When sewing leather you will need stronger and more durable leather than average cloth thread. So deciding what type of thread to be used when sewing leather will depend on size, color, material and way of sewing. These factors will help decide the type of thread used for sewing leather projects.
Type of thread used for sewing leather
When sewing leather you want to have a strong thread that can hold leather together under pressure. This is why there are two popular threads that should be used when leatherworking: Bonded Nylon and Polyester.
Nylon is the most popular due to it being cheap, easy to use and great strength. Polyester looks and feels like nylon but is more durable due to its UV and mildew resistance.
Both of these threads come either waxed or non-waxed. If you are using a sewing machine you should avoid the waxed thread since it can clog and jam the machine.
Pre-waxed thread will help stiffen to avoid stretching, be more water resistant, rot resistant and will stay intact longer due to its bind.
These two are most common because the same size linen, hemp, cotton and cord thread will not withhold the same amount of strength. A good test for your thread is to wrap some between your fingers on both hands and try to split the thread by pulling it apart. This will be very hard or impossible if you have good thread.
I will always prefer pre-waxed thread to ensure a worry free seem and an easy glide through holes. If you plan on using a machine you can always apply your own wax over top of the thread which will help prolong the life of your seem as well.
Artificial Sinew is another commonly used thread that works well with leather. But this thread is more of a ribbon style, wide body look that doesn’t look too good with fine leather crafts.
When using a sewing machine there are polyester and nylon thread that are on spools for easy use with a machine.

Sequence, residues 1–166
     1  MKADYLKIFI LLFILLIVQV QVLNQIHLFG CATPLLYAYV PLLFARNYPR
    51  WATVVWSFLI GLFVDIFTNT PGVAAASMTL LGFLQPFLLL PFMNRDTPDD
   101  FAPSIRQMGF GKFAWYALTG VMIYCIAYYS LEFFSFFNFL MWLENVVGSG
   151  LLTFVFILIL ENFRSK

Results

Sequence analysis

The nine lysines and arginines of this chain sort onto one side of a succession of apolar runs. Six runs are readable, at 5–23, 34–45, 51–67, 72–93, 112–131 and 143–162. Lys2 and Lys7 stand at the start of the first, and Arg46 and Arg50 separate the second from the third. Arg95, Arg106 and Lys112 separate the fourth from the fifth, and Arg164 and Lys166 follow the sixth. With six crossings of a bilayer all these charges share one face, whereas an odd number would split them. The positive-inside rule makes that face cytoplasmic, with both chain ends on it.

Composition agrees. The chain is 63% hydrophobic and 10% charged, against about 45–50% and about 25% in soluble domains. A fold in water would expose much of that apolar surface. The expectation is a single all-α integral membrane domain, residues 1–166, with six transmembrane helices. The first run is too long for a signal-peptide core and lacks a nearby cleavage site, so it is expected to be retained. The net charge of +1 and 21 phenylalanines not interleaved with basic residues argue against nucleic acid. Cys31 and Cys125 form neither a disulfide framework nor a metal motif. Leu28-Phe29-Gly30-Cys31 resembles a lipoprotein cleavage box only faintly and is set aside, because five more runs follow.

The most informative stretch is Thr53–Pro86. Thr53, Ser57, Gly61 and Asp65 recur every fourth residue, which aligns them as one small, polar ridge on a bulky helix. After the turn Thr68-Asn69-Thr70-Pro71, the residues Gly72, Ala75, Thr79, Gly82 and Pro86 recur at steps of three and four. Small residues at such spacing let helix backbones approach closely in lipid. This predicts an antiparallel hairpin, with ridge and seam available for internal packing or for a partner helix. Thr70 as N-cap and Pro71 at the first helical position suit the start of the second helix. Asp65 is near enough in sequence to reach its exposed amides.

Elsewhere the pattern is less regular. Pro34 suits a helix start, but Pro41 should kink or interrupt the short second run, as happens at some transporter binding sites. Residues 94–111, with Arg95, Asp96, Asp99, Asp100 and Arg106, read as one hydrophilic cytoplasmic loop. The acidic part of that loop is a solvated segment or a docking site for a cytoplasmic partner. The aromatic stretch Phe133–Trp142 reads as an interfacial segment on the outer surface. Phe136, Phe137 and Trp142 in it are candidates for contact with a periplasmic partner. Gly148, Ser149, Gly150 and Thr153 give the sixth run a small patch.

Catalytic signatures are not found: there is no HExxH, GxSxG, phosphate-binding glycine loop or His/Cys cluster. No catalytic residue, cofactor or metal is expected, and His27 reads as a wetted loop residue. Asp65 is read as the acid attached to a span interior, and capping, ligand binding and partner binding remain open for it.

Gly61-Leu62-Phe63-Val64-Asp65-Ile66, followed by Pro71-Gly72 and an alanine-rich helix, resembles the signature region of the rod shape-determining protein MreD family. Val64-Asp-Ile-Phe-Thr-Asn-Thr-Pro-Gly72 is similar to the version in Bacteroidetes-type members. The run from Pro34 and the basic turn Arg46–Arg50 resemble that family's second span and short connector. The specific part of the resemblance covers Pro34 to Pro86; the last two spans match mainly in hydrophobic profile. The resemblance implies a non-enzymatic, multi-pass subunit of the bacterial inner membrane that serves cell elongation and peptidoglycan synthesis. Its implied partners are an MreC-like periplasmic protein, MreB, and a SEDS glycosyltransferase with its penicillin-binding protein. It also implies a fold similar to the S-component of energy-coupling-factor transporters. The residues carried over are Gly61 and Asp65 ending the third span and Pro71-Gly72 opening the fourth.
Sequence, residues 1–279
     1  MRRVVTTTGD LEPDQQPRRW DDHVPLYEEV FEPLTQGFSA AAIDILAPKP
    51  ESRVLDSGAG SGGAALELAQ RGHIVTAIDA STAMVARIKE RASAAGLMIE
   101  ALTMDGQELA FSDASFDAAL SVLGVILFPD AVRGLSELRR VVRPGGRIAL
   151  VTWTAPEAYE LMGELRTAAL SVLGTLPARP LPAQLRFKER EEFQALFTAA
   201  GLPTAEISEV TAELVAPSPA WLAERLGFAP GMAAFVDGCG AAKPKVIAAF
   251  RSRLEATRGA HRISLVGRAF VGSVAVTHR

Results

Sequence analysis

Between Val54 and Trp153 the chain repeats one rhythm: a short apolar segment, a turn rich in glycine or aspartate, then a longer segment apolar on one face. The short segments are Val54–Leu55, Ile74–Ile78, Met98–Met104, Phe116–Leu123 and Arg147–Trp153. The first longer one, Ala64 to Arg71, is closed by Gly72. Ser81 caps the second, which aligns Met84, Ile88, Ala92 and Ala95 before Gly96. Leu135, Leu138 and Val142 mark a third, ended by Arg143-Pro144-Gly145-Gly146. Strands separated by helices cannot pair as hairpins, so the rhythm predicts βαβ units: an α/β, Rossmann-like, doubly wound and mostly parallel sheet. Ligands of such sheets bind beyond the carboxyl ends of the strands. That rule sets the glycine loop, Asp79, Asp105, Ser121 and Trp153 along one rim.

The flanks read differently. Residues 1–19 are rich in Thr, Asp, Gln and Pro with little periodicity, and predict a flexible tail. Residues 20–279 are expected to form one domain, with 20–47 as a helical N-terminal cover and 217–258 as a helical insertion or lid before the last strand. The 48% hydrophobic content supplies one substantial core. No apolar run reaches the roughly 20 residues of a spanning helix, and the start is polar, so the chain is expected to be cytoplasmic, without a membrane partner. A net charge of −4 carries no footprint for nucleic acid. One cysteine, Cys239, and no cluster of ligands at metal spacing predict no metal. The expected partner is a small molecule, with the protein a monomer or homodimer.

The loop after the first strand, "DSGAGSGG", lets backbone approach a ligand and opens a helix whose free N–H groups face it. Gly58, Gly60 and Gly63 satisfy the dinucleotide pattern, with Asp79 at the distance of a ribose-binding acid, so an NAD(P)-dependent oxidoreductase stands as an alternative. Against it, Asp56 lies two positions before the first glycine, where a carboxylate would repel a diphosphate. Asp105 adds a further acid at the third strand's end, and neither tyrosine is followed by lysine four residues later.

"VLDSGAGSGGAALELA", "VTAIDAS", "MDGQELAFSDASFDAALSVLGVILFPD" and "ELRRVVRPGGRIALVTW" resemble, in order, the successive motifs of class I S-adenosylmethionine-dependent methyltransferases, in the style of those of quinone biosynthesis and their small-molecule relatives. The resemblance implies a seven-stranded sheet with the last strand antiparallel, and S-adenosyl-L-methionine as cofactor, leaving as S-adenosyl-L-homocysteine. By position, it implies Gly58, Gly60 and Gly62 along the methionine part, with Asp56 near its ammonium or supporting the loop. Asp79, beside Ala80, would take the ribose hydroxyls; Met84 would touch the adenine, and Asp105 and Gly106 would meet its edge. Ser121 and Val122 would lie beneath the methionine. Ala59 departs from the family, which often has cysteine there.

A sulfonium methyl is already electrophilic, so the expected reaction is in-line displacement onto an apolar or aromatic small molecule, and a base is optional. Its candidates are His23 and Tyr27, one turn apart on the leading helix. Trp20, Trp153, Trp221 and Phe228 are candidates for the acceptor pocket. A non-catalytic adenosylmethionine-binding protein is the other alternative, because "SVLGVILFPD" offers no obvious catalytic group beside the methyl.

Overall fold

Leather sewing thread made from braided polyester; Lightly coated; Durable, sturdy, and pliable; Colorfast and will not fade or bleed; Lightweight, smooth surface, and comfortable to touch; Waterproof and fits indoor and outdoor use.
Size of thread
The size of your thread should match with how thick your leather is. It is common that as you move up toward heavy leather you will need to increase the size of your thread as well.
Since heavier leathers will be used for more abuse prone items such as sheaths or saddles, it is good to know that the thicker the thread, the more pressure it can handle.
Sizing measurements will vary whether you use Nylon or Polyester thread and you can use this guide above. But since most thread is measured in millimeters it would be beneficial to focus on the converted numbers.
It is recommended that for lightweight leathers when making wallets, linens, and small bags etc. you stay around a 46-138. These sizes are also able to go through most sewing machines without problems.
Medium weight leather should range from 138-554 for items similar to belts and suitcases. You will also need a commercial style sewing machine if you plan to use a machine.